You can link with Richard Lizama on LinkedIn

Richard Lizama: Tips on getting started with a new Scrum team

Richard’s first week on the job as a Scrum Master started with a realization that helped Richard change his stance. But not before he went through an important lesson for all newly minted Scrum Masters. Read on to learn about what you should consider in your first week, and when working with teams that have been at it for a long time!

About Richard Lizama

Before becoming a Scrum Master, Richard spent time as a college counselor, then a small business owner, then a tech support rep. Once he found Scrum and Agile, he knew it was where he needed to be.

You can link with Richard Lizama on LinkedIn

Mark Metze: Using Sprint Goals as a way to collaborate and communicate with Stakeholders

Sprint Goals are a tool for the PO to communicate with the team and Stakeholders. However, not all PO’s know how to use them, or even try. When PO’s aren’t able to communicate the value to the team and stakeholders, then bad things can happen as we learn in this week’s PO anti-pattern segment.

The Great Product Owner: Using Sprint Goals as a way to collaborate and communicate with Stakeholders

Sprint goals are a tool that helps teams focus and make decisions, however, those goals don’t create themselves. A great Product Owner is able to prepare those Sprint Goals in a way that speaks to the team. In This segment, we refer to a technique by a PO that brought several possible goals to the Sprint Review, and asked the stakeholders to help them choose the right goal for the Sprint.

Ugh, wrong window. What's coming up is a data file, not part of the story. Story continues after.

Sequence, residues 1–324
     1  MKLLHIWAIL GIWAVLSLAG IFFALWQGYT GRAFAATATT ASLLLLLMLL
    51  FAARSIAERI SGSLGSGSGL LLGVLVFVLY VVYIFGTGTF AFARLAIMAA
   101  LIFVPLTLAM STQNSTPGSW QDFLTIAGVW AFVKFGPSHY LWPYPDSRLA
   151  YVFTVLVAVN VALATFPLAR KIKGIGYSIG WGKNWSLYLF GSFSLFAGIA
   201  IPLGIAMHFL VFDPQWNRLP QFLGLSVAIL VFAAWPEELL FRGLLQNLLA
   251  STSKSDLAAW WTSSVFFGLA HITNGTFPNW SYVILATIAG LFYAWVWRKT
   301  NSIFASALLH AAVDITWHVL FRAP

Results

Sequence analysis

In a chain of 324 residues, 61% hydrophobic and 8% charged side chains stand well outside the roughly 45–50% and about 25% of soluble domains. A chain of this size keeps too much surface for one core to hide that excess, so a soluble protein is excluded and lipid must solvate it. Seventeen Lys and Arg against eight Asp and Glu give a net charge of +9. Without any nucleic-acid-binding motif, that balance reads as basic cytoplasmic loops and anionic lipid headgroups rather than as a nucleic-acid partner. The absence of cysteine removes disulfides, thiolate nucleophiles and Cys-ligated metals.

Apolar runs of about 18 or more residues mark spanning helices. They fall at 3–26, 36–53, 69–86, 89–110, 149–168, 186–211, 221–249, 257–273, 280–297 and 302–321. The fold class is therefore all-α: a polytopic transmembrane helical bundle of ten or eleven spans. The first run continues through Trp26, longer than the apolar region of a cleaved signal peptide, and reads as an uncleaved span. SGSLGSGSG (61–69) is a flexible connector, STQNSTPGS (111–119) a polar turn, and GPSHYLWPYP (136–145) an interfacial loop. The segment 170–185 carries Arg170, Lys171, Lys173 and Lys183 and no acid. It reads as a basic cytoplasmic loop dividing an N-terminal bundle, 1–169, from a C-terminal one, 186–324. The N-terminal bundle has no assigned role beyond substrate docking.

In this segment, we also refer to Martin Dalmijn’s work (Martin has been a guest here on the podcast).

The Bad Product Owner: Value delivery as the focus for Product Owners 

This segment starts with a sad story, that of a PO that was fired after 9 months of work with their team. The reason: they had no way to show the value of what the team had delivered in those 9 months. A critical responsibility for a Product Owner.

Are you having trouble helping the team work well with their Product Owner? We’ve put together a course to help you work on the collaboration team-product owner. You can find it at bit.ly/coachyourpo. 18 modules, 8+ hours of modules with tools and techniques that you can use to help teams and PO’s collaborate.

About Mark Metze

Following the pattern of all good Computer Science majors, Mark began his career as a programmer and devoted the first 2 decades of his career to the craft of writing code. His next decade was spent in a managerial role for a software team. And then recently he pivoted once again to the role of Scrum Master. Mark has a heart for leading through service and has enthusiastically embraced the role of Scrum Master.